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August 2011 | Adam Leach
globalisation will boost Britain’s reliance on shipping to transport supplies,
according to an economic think tank.
report by the Centre for Economics andBusiness Research (CEBR) predicts that over the next 20 years marine-based transport of supplies will
boom, with imports to the UK growing by 287 per cent, from $345 billion today
to £1.63 trillion, and British exports increasing by 119 per cent, from £233
billion to £1.95 trillion.
report forecasts that even if the global use of fossil fuels such as oil and
gas falls, the decline of production in the North Sea will lead to an increase
in fuel shipments from other regions, such as the Middle East, and by extension
a significant increase in shipping traffic.
McWilliams, chief executive at the CEBR and author of the report, said:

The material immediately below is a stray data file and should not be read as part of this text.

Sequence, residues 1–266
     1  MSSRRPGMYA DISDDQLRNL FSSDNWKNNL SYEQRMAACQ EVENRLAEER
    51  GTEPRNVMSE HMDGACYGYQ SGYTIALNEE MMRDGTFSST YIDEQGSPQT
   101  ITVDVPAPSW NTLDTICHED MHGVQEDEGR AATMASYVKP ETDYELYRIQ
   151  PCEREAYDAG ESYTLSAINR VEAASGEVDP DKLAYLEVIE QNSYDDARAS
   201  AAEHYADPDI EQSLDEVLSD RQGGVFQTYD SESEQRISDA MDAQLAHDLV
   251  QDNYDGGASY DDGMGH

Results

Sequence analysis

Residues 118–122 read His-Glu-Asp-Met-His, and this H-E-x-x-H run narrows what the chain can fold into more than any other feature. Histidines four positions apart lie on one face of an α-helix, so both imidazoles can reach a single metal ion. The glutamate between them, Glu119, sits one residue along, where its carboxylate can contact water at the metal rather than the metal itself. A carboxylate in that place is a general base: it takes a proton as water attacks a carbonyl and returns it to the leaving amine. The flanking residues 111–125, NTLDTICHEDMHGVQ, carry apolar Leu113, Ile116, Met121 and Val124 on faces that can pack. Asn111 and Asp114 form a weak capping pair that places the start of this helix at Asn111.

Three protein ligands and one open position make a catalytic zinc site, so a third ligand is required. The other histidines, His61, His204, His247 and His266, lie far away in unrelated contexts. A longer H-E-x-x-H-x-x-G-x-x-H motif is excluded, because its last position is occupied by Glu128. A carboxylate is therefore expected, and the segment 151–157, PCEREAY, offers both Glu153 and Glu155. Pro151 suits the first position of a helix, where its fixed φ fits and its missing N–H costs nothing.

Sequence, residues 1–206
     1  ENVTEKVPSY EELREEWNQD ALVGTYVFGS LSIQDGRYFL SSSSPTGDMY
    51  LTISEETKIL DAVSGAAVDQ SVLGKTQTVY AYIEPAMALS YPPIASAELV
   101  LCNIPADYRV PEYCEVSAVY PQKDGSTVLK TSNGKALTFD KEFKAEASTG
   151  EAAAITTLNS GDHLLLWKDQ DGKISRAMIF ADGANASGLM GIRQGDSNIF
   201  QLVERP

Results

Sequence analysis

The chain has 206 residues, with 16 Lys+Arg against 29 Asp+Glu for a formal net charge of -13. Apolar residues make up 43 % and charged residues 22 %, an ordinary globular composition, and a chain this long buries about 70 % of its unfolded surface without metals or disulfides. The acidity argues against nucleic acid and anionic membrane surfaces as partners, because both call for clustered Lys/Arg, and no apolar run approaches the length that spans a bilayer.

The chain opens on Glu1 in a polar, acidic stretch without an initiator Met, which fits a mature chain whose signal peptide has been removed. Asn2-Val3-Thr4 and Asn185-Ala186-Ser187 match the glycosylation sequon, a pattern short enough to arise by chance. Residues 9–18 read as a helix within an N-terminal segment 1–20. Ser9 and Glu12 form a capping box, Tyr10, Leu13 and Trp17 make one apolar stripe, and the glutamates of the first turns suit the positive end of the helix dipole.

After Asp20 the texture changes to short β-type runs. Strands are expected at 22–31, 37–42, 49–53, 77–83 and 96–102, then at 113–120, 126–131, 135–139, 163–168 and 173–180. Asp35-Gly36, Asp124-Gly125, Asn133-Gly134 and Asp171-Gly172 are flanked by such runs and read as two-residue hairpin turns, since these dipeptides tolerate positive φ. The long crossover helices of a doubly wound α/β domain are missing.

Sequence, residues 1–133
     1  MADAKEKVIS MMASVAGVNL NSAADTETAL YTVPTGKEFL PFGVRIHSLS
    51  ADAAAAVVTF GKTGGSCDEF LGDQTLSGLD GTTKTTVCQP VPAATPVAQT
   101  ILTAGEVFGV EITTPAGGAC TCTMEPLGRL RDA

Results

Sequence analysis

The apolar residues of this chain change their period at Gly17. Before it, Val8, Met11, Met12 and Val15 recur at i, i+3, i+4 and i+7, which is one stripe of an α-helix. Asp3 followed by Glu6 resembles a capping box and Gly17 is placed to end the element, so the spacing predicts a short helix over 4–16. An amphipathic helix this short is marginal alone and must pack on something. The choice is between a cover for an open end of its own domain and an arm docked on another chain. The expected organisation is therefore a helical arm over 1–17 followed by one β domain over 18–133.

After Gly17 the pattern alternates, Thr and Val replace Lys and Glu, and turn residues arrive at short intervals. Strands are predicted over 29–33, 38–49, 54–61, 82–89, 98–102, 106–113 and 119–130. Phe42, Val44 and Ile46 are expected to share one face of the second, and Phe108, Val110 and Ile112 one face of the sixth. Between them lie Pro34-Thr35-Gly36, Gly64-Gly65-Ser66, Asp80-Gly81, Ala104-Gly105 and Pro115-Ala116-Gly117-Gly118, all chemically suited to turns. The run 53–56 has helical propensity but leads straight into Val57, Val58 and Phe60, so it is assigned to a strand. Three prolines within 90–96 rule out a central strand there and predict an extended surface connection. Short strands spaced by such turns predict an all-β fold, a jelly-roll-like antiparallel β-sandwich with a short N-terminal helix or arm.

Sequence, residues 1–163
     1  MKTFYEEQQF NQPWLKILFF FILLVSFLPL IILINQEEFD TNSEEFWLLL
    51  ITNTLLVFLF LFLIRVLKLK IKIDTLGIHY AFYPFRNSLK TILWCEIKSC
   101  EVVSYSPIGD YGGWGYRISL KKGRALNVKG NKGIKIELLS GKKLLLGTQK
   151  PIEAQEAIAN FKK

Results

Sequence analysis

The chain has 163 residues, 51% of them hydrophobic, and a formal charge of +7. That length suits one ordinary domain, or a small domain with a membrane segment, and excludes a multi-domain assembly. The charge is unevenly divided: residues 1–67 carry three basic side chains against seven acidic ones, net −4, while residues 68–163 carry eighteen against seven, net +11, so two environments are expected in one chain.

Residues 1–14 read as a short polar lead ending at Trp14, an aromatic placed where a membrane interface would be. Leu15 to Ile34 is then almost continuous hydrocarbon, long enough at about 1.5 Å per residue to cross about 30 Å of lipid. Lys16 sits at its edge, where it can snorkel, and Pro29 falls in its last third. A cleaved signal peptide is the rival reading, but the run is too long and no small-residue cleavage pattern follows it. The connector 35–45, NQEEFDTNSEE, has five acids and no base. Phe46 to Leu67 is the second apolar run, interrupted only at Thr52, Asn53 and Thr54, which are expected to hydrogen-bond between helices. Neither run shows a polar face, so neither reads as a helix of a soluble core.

“Although trade down telephone wires is the fastest growing element in
international trade, globalisation means that we will also become much more
dependent on shipping. This will create a need to invest in port facilities and
to ensure security in the sea lanes.”
addition to the increase in traffic, the report also predicts that the balance
between long haul and short haul transport will shift. The report says: “The
focus of Britain’s trade will shift from ‘short haul’ origins and destinations
across the [English] Channel to ‘long haul’ origins and destinations in the
Middle East, Asia and elsewhere around the world.”
2005 and 2010 the gross tonnage going through the port of Belfast, as an
example, increased by more than 25 per cent to around 25 million tonnes.
increasing shift towards emerging markets around the world is supported by the
forecast that by 2020 the BRIC countries - Brazil, Russia, India and China -
will have increased their share of the global economic output from a quarter to